Monmouth Climate Crisis

Monmouth Holds Climate Crisis Teach-In

The Climate Crisis Teach-In, which allowed students and faculty to ask questions and observe professional lectures regarding the state of climate change, took place within Wilson Hall on Friday, Sept. 20.

Nine speakers presented over a three and a half hour period, relating the issue of climate change to multiple topics ranging from the crisis’ impact on plant communities to real estate. The presenters represented different fields of expertise, including science, sociology, ecology and business. 

The Teach-In was live-streamed throughout the entirety of its program, and a light vegetarian lunch was served during brief intermissions between speakers.

Kayla C. Lewis, Ph.D., an Assistant Professor of Physics, gave a lecture, entitled, “Why Climate Models are Trustworthy.” Lewis discussed the accuracy of climate models created decades ago, and how these models reflected a future remarkably similar to the present we live today. 

“The model is not some simple thing,” Lewis explained. “It’s this complicated set of equations describing what’s going to happen all over the world. These models did a good job of predicting what would happen in the past. That gives us confidence that they would do a good job predicting what would happen in the future.”

Every lecture was followed by a 10 minute Q&A period for conference attendees before a transition from one speaker to the next. 

More than two-dozen listeners filled the room during each presentation, often coming and going during intermissions as each speaker catered to a different type of audience.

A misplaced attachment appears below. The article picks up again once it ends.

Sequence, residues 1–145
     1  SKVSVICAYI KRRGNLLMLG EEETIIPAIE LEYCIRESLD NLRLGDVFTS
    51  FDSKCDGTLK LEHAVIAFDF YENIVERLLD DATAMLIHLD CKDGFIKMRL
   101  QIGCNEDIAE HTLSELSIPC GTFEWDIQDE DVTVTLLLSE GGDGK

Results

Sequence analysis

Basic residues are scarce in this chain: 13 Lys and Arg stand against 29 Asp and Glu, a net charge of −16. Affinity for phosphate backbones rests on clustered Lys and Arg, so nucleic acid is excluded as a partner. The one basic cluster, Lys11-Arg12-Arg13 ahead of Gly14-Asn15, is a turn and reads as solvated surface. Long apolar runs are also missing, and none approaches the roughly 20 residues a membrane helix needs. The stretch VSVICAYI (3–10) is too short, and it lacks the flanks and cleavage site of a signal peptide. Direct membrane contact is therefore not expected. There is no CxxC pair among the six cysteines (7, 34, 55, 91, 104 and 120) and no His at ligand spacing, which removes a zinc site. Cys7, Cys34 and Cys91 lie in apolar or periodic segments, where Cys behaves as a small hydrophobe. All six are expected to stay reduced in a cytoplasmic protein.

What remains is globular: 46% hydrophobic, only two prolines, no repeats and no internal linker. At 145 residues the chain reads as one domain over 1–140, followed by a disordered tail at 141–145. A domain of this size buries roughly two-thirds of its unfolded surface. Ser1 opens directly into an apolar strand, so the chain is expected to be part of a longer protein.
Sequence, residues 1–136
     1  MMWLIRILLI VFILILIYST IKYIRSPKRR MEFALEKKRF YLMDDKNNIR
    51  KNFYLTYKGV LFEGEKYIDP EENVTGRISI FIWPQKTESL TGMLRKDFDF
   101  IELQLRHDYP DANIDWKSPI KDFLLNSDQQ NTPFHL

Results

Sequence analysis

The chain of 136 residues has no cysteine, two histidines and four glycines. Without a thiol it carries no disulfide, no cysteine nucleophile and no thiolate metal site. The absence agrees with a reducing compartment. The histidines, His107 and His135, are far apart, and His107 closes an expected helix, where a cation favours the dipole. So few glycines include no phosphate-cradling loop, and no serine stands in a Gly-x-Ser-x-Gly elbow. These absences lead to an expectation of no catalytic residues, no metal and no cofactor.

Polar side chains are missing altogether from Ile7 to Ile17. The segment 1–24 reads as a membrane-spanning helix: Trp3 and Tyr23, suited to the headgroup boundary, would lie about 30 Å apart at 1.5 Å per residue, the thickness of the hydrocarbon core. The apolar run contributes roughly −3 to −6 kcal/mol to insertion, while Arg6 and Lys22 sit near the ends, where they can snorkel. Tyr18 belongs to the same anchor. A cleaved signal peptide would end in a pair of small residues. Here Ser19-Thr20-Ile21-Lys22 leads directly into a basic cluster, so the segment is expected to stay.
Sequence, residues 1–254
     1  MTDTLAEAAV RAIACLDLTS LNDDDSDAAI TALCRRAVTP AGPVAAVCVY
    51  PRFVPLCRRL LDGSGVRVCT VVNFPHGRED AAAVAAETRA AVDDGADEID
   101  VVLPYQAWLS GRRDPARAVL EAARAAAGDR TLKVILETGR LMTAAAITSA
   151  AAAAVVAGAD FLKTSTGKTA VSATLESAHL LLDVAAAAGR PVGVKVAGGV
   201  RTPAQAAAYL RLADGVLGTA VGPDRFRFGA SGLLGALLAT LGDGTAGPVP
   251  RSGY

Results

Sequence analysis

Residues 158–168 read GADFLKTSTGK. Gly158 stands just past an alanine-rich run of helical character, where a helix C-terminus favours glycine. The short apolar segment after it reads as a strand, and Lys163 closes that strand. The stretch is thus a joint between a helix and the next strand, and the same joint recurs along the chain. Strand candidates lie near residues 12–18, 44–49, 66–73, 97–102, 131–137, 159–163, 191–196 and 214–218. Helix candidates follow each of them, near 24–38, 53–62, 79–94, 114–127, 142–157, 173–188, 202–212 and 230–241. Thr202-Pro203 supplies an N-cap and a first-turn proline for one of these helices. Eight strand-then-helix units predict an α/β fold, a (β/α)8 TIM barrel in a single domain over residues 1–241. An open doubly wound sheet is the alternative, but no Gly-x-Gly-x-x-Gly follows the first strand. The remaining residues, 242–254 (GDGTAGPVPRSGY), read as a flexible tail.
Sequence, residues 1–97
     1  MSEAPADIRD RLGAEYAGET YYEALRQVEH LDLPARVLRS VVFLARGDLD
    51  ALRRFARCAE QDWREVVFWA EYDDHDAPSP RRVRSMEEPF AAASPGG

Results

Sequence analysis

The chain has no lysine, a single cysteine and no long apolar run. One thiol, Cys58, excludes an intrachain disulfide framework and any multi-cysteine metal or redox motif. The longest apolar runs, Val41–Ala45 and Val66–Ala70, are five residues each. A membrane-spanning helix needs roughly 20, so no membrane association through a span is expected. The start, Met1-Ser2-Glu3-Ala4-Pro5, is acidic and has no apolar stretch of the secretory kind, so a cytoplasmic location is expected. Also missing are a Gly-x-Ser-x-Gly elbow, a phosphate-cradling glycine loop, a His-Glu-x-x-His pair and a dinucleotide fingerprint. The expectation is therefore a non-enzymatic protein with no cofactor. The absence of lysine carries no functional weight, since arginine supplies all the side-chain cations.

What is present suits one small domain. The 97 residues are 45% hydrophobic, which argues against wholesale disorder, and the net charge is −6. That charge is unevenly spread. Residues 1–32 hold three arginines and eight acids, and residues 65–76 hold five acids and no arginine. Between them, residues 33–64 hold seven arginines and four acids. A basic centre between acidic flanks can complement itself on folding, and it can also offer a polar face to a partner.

Nancy Mezey, Ph.D., Dean of the Honors School and a Professor of Sociology, gave a presentation titled,  “Global Capitalism and Anthropogenic Causes of Climate Change.”

“We are, as a society, not simply just a collection of individuals, but rather a collection of people who live an existence and a relationship to one another,” Mezey explains. “Those relationships create the very essence of what is social in our lives.”

With a the massive global implications of the destruction that climate change can bring, many listeners asked personal advice on how change can be made in the day to day life of a university student.

 “There’s a lot of things on an individual level we can do,” Mezey said. “I would say collectively what [the students] should do is rally the university and encourage us not to use Styrofoam. Use more recyclables goods, and not to waste food. I would say to the students, look around and see what you find problematic as a system. Is it food waste? Is it wanting more solar on our roofs? I think the larger question is what can do collectively to change systems.”

She continued, “what is healthy and harmful to the planet, and then take action in your daily lives accordingly. It’s the difference anyone can make.”

John Morano, Professor of Journalism and a published environmental-based author, believes that society is overwhelmed by the extent of climate change.  “They often defer to the notion, ‘What can I do anyway?’ Well, individuals can, and do, make a difference. First, follow the adage, ‘Think globally, act locally… try to have a sense of what is healthy and harmful to the planet, and then take action accordingly,” Morano said.

PHOTO COURTESY of Monmouth University